The National Library of Medicine has awarded the Ohio State College of Medicine’s Department of Biomedical Informatics $485,583 to expand its successful Clinical Research Informatics Training Program. Under the guidance of Principal Investigators, Philip Payne, PhD, FACMI, and Ümit Çatalyürek, PhD, the National Institutes of Health-funded program focuses on translational bioinformatics and clinical research informatics—two specialties in high workforce demand that accelerate the evolution of scientific discoveries into clinical studies and new medical therapies for human diseases.
The funding—a supplement to the $1.1 million in NIH grants for the three-year-old CTRIP to date—will create a further specialized Multi-modeling and Integrative Data Analytics Training Program (MIDAs) for six pre-doctoral fellows who will focus on the application of “Big Data” principles to the CTRIP specializations. This is in addition to CTRIP’s three pre-doctoral translational bioinformatics fellows and three post-doctoral clinical research informatics fellows.
“Informatics helps turn biomedical data into knowledge and insights, and we’ve created these training programs to help turn trainees into informaticians capable of realizing this promise” says Department Chair Payne, who was an NLM fellow at Columbia University, and is also director of Translational Data Analytics @ Ohio State and Associate Director for Data Science in the Ohio State Center for Clinical and Translational Science.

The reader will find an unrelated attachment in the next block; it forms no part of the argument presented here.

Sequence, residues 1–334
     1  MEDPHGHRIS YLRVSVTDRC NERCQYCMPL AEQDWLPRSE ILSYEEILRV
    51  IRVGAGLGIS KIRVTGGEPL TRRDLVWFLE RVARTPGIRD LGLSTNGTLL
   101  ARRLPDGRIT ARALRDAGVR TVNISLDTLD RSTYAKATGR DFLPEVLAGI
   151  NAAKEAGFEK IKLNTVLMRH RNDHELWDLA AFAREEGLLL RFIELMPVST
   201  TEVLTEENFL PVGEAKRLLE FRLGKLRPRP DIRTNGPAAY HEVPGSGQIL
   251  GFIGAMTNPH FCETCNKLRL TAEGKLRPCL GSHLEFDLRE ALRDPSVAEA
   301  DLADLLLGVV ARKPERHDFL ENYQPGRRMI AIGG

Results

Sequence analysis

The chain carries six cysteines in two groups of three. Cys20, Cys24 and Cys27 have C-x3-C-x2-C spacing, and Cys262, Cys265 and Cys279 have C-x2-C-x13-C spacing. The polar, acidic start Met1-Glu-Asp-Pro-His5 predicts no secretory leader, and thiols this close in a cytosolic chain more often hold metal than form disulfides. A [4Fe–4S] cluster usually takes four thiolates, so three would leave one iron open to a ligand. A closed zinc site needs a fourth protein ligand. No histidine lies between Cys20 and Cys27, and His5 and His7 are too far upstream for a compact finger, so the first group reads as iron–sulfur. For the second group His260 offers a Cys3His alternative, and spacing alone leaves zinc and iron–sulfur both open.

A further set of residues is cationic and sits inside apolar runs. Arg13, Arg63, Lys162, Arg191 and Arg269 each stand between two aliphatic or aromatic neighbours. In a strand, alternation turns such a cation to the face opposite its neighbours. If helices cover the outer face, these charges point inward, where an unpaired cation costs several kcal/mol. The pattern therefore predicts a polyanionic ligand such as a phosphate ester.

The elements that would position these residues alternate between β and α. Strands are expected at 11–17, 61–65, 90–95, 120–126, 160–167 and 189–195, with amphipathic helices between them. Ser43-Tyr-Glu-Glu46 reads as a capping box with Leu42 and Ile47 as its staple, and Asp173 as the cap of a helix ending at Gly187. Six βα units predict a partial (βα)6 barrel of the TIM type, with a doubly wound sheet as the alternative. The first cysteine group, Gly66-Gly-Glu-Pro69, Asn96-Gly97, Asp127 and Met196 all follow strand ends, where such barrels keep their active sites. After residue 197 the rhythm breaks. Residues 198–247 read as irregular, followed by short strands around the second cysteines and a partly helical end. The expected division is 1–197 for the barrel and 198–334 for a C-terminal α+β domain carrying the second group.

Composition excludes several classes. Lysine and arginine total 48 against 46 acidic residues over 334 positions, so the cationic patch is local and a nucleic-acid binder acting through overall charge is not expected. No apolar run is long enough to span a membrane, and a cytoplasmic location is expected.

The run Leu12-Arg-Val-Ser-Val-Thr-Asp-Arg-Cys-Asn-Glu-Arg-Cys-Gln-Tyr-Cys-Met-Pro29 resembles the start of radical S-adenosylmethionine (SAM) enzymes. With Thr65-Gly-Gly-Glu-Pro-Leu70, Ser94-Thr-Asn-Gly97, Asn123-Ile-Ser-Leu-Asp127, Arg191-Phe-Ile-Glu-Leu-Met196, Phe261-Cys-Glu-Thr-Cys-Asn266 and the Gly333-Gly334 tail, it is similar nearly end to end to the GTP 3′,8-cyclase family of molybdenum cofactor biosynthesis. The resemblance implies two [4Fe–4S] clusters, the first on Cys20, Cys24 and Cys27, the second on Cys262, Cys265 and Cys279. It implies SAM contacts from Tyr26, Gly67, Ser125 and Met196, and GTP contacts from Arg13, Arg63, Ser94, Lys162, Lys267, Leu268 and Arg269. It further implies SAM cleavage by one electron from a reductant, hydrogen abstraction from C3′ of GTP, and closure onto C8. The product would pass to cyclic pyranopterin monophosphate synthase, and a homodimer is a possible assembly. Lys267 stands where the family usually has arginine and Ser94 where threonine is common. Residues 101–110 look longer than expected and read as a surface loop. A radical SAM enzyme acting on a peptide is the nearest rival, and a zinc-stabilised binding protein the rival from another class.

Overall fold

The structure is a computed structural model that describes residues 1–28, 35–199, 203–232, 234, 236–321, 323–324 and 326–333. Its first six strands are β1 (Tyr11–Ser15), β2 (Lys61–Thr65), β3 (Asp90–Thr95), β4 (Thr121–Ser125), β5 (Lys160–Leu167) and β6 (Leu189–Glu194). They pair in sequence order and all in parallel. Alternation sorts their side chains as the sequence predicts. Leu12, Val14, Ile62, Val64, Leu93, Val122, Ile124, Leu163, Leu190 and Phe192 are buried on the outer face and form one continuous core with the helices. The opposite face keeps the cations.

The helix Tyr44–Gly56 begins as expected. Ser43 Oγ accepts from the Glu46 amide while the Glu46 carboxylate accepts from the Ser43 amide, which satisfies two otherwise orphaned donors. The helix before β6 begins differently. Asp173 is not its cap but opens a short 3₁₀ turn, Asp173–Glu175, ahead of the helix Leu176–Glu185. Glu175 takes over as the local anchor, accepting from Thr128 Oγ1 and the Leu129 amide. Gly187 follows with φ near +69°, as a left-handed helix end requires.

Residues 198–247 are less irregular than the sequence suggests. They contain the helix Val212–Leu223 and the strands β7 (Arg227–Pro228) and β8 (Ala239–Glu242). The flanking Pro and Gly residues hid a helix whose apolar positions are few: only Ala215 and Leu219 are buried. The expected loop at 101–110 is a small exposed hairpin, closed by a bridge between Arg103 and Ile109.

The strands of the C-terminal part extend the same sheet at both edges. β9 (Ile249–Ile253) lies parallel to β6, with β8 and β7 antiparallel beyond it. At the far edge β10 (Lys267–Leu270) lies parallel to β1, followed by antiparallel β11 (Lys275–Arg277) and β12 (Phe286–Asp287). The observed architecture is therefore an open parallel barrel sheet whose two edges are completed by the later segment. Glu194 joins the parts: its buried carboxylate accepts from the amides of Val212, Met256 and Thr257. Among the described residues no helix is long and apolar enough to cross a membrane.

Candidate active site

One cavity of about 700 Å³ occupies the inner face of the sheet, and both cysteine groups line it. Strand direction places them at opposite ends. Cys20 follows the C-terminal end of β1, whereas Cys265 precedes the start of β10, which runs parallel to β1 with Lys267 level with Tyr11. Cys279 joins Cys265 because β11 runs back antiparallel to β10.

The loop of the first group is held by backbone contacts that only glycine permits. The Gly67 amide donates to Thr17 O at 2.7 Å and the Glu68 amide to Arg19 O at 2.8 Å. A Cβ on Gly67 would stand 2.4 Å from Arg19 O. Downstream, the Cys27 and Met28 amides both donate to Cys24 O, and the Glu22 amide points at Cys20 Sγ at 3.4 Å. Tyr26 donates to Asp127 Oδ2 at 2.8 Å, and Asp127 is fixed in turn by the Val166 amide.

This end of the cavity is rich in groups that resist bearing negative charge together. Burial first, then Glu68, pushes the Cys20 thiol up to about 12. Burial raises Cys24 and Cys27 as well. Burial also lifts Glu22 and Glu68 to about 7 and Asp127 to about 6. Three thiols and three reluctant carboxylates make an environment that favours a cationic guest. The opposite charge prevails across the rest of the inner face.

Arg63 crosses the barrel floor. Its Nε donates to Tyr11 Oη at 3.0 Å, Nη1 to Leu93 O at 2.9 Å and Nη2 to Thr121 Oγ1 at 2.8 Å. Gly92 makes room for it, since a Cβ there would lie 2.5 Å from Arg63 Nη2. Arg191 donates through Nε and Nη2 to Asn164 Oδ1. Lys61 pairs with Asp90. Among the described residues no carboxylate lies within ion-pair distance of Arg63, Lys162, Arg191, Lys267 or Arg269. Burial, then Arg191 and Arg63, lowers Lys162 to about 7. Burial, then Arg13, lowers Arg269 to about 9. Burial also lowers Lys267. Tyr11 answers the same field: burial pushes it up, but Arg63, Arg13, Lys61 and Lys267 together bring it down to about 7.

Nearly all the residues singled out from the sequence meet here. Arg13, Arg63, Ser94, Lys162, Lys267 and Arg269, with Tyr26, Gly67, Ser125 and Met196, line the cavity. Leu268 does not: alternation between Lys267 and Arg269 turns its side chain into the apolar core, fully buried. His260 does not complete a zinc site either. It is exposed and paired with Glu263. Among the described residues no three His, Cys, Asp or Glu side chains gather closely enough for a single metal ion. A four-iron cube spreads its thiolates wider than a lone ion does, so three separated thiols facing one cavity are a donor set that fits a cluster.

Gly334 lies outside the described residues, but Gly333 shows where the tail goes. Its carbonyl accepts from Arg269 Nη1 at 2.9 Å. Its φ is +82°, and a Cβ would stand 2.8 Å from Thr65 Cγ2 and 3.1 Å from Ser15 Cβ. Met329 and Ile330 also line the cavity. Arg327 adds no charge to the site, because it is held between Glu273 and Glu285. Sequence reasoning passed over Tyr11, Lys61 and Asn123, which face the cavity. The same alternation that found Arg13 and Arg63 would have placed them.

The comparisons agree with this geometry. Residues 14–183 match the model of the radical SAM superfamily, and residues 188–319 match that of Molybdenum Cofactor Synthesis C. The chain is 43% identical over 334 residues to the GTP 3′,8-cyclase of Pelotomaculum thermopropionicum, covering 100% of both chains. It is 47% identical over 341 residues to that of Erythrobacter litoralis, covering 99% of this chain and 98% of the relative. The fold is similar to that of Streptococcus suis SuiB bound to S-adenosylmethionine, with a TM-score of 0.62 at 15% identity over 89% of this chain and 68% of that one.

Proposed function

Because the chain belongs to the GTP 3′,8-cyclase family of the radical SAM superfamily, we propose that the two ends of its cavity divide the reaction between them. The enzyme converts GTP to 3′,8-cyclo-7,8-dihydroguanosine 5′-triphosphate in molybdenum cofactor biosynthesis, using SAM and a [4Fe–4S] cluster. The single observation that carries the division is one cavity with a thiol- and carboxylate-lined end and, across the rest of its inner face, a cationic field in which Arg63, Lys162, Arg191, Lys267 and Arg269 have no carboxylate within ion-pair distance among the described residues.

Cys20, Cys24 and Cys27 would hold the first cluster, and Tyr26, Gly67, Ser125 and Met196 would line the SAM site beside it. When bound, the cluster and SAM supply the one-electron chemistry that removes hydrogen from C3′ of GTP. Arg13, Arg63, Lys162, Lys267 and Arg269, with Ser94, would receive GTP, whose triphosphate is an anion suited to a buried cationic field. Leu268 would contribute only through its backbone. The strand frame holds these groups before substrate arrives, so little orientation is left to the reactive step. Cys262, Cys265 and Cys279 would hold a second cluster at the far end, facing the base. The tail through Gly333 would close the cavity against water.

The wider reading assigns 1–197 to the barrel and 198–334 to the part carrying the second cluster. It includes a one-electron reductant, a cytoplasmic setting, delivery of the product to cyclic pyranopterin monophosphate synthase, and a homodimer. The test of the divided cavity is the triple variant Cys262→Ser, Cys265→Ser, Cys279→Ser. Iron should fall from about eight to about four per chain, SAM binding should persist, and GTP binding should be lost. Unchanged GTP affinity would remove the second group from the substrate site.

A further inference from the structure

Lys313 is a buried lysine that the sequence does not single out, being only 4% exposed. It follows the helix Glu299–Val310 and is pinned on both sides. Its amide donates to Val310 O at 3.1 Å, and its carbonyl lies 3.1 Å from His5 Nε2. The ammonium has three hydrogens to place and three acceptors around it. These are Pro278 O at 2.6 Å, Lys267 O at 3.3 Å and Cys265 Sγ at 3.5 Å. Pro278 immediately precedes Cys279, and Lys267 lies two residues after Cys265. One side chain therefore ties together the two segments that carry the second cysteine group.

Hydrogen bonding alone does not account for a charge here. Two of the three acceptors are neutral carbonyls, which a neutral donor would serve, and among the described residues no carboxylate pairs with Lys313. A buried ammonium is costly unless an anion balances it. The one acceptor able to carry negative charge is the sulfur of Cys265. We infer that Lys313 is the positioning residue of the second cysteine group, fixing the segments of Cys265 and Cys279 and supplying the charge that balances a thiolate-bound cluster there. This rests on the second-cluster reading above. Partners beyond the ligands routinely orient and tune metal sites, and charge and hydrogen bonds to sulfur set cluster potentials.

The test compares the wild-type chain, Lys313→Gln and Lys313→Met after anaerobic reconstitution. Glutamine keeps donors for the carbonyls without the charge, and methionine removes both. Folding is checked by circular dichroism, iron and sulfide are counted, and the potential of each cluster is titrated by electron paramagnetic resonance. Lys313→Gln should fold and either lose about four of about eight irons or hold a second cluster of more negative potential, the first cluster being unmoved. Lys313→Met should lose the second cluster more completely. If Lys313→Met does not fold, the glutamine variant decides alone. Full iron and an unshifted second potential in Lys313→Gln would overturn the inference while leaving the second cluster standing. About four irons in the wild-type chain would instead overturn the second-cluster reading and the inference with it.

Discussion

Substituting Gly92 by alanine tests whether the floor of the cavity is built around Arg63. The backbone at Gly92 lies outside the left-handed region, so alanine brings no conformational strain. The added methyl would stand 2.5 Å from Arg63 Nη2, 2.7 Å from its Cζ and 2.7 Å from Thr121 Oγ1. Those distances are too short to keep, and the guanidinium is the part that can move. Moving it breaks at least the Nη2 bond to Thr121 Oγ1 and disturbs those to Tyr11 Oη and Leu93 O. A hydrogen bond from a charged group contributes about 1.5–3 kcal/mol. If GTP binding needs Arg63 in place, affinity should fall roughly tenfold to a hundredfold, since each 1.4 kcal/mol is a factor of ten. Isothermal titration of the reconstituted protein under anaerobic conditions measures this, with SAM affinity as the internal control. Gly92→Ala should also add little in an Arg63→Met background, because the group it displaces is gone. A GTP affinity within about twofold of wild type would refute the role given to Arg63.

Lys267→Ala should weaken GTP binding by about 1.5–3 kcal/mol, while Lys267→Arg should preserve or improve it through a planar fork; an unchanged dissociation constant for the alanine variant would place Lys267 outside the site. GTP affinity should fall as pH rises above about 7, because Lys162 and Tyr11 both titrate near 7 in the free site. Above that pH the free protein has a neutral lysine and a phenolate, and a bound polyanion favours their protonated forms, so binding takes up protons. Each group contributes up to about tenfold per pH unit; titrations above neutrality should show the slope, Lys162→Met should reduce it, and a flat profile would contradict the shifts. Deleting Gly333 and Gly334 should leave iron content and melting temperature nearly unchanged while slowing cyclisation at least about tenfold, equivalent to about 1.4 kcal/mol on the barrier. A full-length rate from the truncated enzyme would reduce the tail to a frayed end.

CTRIP, one of only 14 such programs in the U.S., and MIDAs, one of only two funded supplements nationally, are responsive to the National Institutes of Health’s Precision Medicine Initiative that emphasizes exposing trainees to interdisciplinary, cross-application research. In addition to building core informatics competencies and groundings in human disease biology or clinical research methodology, the programs’ fellows conduct independent research with uncommon latitude in their choice of topic. While many pre-doctoral students must base their choice on the availability of funding for projects already in progress, CTRIP and MIDAs trainees can choose their faculty mentor based on compatibility of interests. The programs provide funds for tuition, stipends, health insurance, hardware, software and training travel.
The end result: Graduates of the programs enter the workforce fully prepared to design and apply network-based and multi-modeling analytics approaches to hypothesis generation and testing using large biomedical data sets.
“As the amount of data we’re capable of collecting grows, our need nationally and globally for people who can make sense of it increases exponentially,” says Çatalyürek, Professor and Vice Chair of Academic Affairs in the department and a world-renowned researcher in the field of high performance computing. “Our fellows are able to hit the ground running, ready to advance biomedical knowledge and treatments in ways we haven’t even thought of yet.”